Free Online Linguistics Glossary

Linguistics, the study of language, is a a neglected but vital part of English language arts.

It’s also an area that excites many students. Teachers ought to expand their linguistic knowledge for that reason, if for no other.Snip from web page of linguistics glossary

Like other sciences, linguistics has its own vocabulary. If you don’t know a morpheme from a motor bike, the LinguaLinks glossary of linguistic terms is a good place to find definitions of those specialized terms. The glossary is available free to anyone, no registration needed.

LinguaLinks  is not a site for K-12 students. Use it for your professional development.

If your grammar terminology is shaky, you can get help understanding terms like clause or verbal noun from LinguaLinks.

The glossary is also useful for anyone who must teach reading.

The glossary is part of the LinguaLinks Library developed by  SIL International, which the organization sells. The organization’s website is worth a look for ideas on using language topics to make school meaningful to students from diverse backgrounds living in a global community.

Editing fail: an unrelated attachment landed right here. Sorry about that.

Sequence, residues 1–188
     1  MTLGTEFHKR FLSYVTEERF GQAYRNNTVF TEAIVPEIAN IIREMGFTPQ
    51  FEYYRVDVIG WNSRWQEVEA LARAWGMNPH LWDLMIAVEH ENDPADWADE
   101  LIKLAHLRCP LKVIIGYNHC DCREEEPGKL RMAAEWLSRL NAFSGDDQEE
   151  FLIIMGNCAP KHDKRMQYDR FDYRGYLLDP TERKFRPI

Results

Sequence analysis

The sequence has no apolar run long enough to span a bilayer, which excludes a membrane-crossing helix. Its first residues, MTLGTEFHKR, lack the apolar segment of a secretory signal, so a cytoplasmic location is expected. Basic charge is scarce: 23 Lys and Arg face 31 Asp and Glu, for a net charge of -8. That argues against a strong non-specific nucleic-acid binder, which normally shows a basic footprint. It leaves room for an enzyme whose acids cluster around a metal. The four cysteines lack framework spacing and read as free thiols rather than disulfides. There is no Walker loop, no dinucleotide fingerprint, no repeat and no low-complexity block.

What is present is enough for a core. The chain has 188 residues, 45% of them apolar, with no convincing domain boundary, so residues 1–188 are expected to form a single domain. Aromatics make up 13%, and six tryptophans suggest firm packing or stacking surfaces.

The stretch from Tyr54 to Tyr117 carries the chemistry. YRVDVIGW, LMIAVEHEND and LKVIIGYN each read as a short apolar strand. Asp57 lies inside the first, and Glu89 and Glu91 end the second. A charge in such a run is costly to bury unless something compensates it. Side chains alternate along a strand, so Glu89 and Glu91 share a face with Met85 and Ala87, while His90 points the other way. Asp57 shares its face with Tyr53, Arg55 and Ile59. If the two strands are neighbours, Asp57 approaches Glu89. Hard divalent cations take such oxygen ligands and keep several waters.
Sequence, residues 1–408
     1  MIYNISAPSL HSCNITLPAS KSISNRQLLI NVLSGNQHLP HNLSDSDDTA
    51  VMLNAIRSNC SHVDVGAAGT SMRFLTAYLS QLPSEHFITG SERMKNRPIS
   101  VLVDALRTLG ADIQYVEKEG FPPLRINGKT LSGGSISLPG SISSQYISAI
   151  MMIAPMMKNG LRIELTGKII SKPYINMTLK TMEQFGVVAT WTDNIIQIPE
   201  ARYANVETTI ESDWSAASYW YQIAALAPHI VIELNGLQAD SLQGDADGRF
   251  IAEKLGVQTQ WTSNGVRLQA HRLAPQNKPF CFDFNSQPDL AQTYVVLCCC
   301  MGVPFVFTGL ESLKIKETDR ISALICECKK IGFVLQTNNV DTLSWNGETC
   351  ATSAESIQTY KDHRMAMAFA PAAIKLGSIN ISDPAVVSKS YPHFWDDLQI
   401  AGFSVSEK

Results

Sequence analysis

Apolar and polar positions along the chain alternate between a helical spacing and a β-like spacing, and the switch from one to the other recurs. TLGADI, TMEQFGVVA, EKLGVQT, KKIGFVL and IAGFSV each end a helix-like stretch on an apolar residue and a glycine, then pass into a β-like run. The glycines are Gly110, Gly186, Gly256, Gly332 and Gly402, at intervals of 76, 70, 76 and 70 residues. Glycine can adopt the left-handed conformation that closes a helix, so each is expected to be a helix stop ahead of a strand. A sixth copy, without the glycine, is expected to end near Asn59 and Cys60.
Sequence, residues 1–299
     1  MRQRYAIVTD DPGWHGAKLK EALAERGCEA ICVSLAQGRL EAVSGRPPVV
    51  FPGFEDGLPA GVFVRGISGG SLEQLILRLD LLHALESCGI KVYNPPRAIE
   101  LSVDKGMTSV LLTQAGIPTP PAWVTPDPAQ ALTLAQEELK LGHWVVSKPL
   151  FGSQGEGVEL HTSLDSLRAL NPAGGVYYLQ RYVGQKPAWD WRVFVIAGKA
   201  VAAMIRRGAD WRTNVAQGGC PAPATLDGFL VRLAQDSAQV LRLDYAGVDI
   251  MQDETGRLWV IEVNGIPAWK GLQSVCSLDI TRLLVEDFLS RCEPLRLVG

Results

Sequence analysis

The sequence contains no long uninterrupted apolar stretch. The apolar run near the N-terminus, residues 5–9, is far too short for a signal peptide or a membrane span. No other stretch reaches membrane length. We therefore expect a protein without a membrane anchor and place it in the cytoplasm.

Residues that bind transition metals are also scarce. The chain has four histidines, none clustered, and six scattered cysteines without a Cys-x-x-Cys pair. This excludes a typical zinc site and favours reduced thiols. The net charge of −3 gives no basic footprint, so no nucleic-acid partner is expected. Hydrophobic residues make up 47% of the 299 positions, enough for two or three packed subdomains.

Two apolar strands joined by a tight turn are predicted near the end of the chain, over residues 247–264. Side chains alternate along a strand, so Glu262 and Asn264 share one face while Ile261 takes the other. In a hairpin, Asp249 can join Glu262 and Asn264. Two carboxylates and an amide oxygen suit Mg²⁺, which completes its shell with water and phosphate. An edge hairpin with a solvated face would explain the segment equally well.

SIL began in 1934 as the Summer Institute for Linguistics. The nonprofit organization’s  “works alongside ethnolinguistic communities and their partners as they discover how language development addresses the challenging areas of their daily lives.”


Hello, welcome to historical linguistics

Historical linguistics is a repository of fascinating stories.

Book jacket The English Is ComingOn this day 184 years ago, a Washington DC daily recorded the first published use of the word hello in America, although the word certainly was in common use before that.

The 1827 use is attributed to a man named Joe Laughton. Laughton was one of the thousands of spectators who turned out to see a stunt on the Niagara River. The stunt involved a boat decorated to look like a pirate ship and carrying a load of wild animals.

As it went over Niagara Falls,  the boat broke up.

From the sidelines, Joe Laughton thought the boat could be saved. He asked his companions, one of whom wrote the piece that appeared in the U. S. Telegraph, “Hello…wher’s Bil Perry and Olla Parsons?”

Bill and Olla didn’t step out to help.

Some animals swam to safety, but many drowned.

Leslie Dunton-Downer relates the incident in her 2010 book, The English is Coming!